Is It Okay to Drink Alcohol with Cancer?

Alcoholic beverages such as wine, beer, and spirits (like brandy, gin, whiskey, and tequila) have been linked to several types of cancer, but before we get into the research-based recommendations, let’s review what we mean by an alcoholic drink.  

Alcoholic beverages contain something called ethanol, which is the type of alcohol that forms when fruits and grains are fermented. Ethanol is found in all alcoholic drinks, but the concentration varies by type of drink.  

The chart below shows the difference in percentages of ethanol (alcohol). Regular beer contains about 5%, wine contains about 12%, and spirits (also known as hard liquor) contain 40% or more alcohol.   

In the U.S. a standard drink is about 14 grams of ethanol. This is the amount typically found in 12 oz. of regular beer, 5 oz. of wine, or 1.5 oz. of distilled spirits.  

Understanding the amount of ethanol per serving of an alcoholic drink is important because research has identified some cut-off levels where cancer risk increases based on the number of drinks consumed. Let’s dive into those details.  

What Research Says about Alcohol and Cancer

There is strong evidence that drinking alcoholic beverages increases the risk of eight types of cancer: mouth, pharynx, larynx, esophageal (squamous cell), breast, colorectal, stomach, and liver cancers. These studies generally find any amount of alcohol increases cancer risk. 

In the last few years, research has identified some levels of ethanol intake are linked to certain cancers. For example, drinking 30 grams or more of ethanol daily (the equivalent of two drinks) is strongly associated with colorectal cancer, and drinking 45 grams or more of ethanol daily (three drinks or more per day) is linked to stomach and liver cancer.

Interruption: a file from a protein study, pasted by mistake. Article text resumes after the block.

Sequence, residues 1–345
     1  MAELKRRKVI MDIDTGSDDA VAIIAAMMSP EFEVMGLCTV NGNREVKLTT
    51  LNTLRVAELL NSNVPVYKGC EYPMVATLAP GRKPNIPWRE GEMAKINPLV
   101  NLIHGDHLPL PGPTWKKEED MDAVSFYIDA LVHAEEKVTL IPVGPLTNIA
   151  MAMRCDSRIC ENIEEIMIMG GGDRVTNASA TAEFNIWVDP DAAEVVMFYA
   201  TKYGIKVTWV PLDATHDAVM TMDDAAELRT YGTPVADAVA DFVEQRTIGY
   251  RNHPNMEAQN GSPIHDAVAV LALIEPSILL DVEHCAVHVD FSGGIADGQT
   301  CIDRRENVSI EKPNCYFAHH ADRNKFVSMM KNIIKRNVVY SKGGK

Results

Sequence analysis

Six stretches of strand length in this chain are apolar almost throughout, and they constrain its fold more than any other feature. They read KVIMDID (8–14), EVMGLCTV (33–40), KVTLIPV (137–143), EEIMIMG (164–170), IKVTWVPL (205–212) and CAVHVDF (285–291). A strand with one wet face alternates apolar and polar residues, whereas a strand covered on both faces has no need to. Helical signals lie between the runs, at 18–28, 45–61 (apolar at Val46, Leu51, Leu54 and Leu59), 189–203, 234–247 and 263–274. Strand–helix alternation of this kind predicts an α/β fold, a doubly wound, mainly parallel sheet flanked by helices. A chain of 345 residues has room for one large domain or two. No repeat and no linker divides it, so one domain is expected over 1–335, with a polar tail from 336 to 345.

Alcohol Intake after a Cancer Diagnosis 

Studies about alcohol intake after a cancer diagnosis have mixed results. What’s clear is that a regular pattern of drinking alcohol increases the risk of cancer recurrence and poor outcomes. This doesn’t mean people with cancer can never have a drink; however, it may be best to limit the amount and frequency of alcohol intake.  

Another consideration is when drinking alcohol is combined with smoking tobacco. These two behaviors together increase the risk of cancer progression and poor survival. Our Iris Mental Health team is here to help if you’d like to quit smoking or drinking.   

Things You May Be Wondering

  • If I don’t drink anything during the week, can I have two drinks per day on the weekend? 

  • Is wine better than beer or hard liquor— since it’s good for the heart? 

The Bottom Line 

When it comes to alcoholic beverages and cancer, drinking the least amount possible is best. This doesn’t mean you can never have a drink, but the evidence suggests alcohol is best used infrequently, such as only on special occasions.

The evidence doesn’t support “saving up.” Skipping a drink during the weekdays in hopes of using a quota on the weekend (or special event) isn’t a good strategy for minimizing cancer risk.  

Red wine does have antioxidants and phytonutrients because it’s made from grapes, but ask your oncologist and care team if any potential heart-health benefits outweigh the risks of regular alcohol consumption in terms of cancer.  

Action Steps to Take

If alcohol is something that feels challenging to you, our Iris Care Team is here to help.